One of the many things I love about Oregon is that they are very dog friendly. Most of their state parks allow dogs, which is handy because I travel with my dog. While planning my trip to Oregon I only had time for one park while in Astoria. It was between Fort Stevens State Park and the Lewis and Clark National Historic Park.
I love to learn about history while on my trips and while Lewis and Clark may be the more obvious choice I picked the Fort Stevens State Park instead. Why you may ask? Well because Boomer was welcome to join me at Fort Stevens, where as the Lewis and Clark National Historic Park, Boomer would spend his time waiting in the car.
Fort Stevens is a huge park, around 4200+ acres with plenty of activities to see and do. The history of Fort Stevens began around the American Civil War. Originally named Fort at Point Adams, the fort was built in 1863 to 1864 at the mouth of the Columbia River. The purpose of the fort was to protect the shoreline from a possible British invasion during the Pig War (1859 – 1870), a dispute that had escalated over the San Juan Islands and oddly enough began by the shooting of a pig, hence the name of the war. The fort also provided protection during the Alaska Boundary dispute of 1896 to 1903, again with the British.
The Fort was renamed to Fort Stevens in 1865 to honor the fallen territorial governor of Washington State, Isaac I. Stevens, who had been killed in action.
One of the main attractions at the Fort Stevens Park is the Peter Iredale Shipwreck. The ship ran around on October 25th, 1906 while en-route to Portland from Mexico. To navigate a ship into the mouth of the Columbia River is challenging enough, but on the night of the 25th it was even more so. High winds, rising tides and a heavy mist caused the ship to land on shore, resulting in another victim of the Graveyard of the Pacific.
All crew members survived the wreck and the ship was salvageable, however weather conditions trapped the ship in the sand and prevented the ship from being saved. What could be salvaged was sold for scrap. The ship now sits on the shoreline, giving you a haunting, yet captivating look at the “bones” of the ship. As we approached the ship Boomer was terrified of the wreckage. It was not surprising as Boomer is terrified of most things. We walked over to the ship’s bow to get a closer look and I kept feeling a tug on the leash, pulling me away from the ship. It was cute that Boomer was looking out for my safety.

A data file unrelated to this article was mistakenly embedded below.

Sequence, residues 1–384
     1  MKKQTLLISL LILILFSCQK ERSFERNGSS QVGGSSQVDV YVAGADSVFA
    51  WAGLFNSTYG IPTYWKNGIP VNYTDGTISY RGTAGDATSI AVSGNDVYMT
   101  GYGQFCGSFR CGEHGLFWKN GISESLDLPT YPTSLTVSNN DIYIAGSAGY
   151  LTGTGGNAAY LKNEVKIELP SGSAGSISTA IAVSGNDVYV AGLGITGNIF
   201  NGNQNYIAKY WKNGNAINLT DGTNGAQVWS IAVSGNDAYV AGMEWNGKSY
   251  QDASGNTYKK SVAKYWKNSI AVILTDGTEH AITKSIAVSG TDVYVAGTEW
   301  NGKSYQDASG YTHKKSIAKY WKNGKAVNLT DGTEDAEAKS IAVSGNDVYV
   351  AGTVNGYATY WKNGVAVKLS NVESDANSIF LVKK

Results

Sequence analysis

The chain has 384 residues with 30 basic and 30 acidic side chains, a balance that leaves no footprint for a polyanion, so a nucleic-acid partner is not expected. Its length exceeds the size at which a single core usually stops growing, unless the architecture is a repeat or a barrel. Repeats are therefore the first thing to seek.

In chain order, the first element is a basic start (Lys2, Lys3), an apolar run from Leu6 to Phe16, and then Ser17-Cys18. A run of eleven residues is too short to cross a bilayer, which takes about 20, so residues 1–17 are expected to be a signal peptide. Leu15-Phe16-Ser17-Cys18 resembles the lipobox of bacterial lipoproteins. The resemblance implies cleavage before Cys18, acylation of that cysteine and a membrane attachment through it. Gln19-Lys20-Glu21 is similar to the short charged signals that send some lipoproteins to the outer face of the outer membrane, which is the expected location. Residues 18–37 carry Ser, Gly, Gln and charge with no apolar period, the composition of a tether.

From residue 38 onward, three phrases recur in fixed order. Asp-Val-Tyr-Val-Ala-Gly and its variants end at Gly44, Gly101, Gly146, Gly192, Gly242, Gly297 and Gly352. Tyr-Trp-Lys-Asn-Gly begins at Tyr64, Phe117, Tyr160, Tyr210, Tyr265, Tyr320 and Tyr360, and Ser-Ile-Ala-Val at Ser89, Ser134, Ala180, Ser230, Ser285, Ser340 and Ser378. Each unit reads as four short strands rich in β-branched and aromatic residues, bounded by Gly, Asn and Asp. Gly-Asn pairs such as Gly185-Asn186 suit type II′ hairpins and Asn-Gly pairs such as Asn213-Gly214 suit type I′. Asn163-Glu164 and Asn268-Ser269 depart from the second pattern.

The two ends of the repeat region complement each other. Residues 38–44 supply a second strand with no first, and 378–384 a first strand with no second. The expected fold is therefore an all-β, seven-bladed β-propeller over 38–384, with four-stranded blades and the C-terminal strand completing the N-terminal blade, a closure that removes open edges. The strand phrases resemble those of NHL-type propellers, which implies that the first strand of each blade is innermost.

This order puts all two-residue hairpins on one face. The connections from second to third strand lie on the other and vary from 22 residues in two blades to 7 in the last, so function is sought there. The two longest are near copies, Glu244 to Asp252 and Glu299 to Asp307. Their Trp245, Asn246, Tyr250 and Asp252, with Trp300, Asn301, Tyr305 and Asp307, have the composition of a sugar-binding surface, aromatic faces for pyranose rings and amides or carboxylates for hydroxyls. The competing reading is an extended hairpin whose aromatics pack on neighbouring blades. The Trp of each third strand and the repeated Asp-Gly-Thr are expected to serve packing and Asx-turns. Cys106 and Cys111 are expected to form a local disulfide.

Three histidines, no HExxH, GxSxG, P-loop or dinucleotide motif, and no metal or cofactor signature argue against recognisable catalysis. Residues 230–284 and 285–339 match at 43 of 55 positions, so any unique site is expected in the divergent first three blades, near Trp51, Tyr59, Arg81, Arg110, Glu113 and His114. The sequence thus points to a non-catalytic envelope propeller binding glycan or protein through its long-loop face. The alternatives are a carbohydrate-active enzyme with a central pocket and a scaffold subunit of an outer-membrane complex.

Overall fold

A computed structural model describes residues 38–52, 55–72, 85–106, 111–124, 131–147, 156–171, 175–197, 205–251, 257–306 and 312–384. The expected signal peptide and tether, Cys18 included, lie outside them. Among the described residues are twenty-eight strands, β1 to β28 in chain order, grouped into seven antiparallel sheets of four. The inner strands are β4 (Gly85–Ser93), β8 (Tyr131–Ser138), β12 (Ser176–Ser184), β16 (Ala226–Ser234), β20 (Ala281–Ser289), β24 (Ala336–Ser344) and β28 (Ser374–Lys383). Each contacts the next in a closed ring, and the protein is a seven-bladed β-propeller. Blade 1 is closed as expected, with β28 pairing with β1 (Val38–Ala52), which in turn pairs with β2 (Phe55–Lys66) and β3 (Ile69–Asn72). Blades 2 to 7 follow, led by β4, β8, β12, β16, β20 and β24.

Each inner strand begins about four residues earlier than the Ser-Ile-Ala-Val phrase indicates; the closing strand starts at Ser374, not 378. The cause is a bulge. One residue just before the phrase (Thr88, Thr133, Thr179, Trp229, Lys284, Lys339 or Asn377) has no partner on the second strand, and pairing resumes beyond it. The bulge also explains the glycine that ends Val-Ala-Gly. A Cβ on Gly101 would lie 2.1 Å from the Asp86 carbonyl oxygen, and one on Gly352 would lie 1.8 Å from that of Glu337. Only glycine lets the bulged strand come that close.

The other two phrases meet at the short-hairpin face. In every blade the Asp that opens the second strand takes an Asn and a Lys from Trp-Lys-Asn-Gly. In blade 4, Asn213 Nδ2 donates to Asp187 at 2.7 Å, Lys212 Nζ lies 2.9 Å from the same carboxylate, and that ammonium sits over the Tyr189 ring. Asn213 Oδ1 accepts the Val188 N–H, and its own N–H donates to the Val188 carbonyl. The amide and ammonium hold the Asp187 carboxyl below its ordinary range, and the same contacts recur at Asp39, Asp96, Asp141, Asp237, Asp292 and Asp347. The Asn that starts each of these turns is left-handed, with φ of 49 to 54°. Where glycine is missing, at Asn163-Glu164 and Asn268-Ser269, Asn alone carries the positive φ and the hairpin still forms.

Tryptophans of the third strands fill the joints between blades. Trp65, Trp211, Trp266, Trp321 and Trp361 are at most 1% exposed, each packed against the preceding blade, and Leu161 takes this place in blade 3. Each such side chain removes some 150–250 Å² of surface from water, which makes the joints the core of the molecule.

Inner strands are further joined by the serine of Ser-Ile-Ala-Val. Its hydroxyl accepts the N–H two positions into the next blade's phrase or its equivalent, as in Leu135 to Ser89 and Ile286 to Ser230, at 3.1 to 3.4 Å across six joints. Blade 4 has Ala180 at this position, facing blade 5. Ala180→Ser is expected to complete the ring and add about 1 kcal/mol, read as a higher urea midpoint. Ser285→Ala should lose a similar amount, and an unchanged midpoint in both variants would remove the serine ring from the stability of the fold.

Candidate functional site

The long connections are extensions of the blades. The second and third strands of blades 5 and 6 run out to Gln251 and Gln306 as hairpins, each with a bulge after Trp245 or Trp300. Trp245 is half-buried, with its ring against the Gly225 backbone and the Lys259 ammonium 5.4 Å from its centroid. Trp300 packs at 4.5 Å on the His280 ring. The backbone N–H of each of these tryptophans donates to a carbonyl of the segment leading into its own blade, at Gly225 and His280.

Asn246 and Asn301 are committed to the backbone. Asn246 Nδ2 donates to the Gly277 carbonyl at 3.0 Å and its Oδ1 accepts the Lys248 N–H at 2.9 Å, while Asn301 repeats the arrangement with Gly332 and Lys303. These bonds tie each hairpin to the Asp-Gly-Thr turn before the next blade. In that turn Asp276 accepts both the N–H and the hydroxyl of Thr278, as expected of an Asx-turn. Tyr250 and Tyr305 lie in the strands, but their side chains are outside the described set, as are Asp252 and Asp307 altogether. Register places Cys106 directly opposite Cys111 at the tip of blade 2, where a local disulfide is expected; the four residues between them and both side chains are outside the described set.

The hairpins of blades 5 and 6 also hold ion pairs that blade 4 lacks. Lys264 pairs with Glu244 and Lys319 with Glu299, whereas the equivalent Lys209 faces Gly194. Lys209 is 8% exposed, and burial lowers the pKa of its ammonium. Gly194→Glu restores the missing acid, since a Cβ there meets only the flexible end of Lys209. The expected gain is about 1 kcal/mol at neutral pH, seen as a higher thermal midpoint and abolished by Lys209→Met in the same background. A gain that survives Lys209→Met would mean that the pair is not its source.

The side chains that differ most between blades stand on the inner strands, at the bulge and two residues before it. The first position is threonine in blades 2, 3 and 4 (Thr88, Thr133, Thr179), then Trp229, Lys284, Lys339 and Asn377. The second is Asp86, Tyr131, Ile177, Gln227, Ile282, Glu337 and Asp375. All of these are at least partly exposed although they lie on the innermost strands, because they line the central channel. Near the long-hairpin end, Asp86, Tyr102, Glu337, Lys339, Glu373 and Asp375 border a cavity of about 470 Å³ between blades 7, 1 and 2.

I pulled Boomer closer to me and touched the bow of the ship, with him looking at me in sheer terror. It was then he realized he did not need to be afraid. In his typically curious way he started to sniff around the ship, even going inside the bow. Fear had subsided.
Our next spot while touring Fort Stevens was the Battery Russell. A battery is a huge concrete structure, built to defend a harbor. In this case, defending the Pacific coastline and the mouth of the Columbia River. There were not may visitors at this spot, in fact Boomer and I had the place to ourselves most of the time we spent there. It did give it an eerie feeling and creeped me out while walking inside the battery. Luckily for Boomer after the shipwreck he did not seem to be creeped out by anything anymore.
The Battery Russell went down in the history books during World War II as the only military structure on the continental United States to be fired upon by a foreign enemy since the War of 1812. On the night of June 21, 1942, enemy ships fired upon the shoreline near the battery, but the enemy guns were out of range. The soldiers manning the battery decided not to fire back as a safety precaution. The fire from the guns would have signaled their location to the enemy ships, thus exposing their location.
Our final stop at Fort Stevens was the Battery Clark Museum, along with West Batteries, Battery 245 and Battery Clark. Aside from the Peter Iredale shipwreck, if you have limited time to spend at Fort Stevens, this would be the spot you want to visit as it is the most comprehensive part of the park.
The Batteries located at this site are HUGE and will take some time to walk around. You can pick up a map at the museum or the ranger station that highlights the historic information about the area. Numbered signs correspond with the information on the map which provides you with a brief explanation of what took place at each stop. I suggest at least 2 to 3 hours for this spot.
West Battery is the largest of the structures, it at one point had six 10 inch disappearing guns. The guns were later separated and renamed; guns 1 and 2 were renamed Battery Lewis, for Meriwether Lewis, guns 3-4 named Battery Walker, for Col. Leverett Walker who was a commanding officer at Fort Stevens from 1906 to 1907. Guns 5 and 6 were renamed in 1906 to Battery Mishler.
As you walk around the site you learn about the different batteries and the several other buildings that make up the fort. Many of the buildings are still standing today along with some foundation outlines left behind, representing buildings that are no longer in existence.
It is an interesting spot for sure, and we, well I, thoroughly enjoyed the historic reenactment.
Boomer, as you can see from his face, did not enjoy the guns being shot. Back to being a scaredy-cat.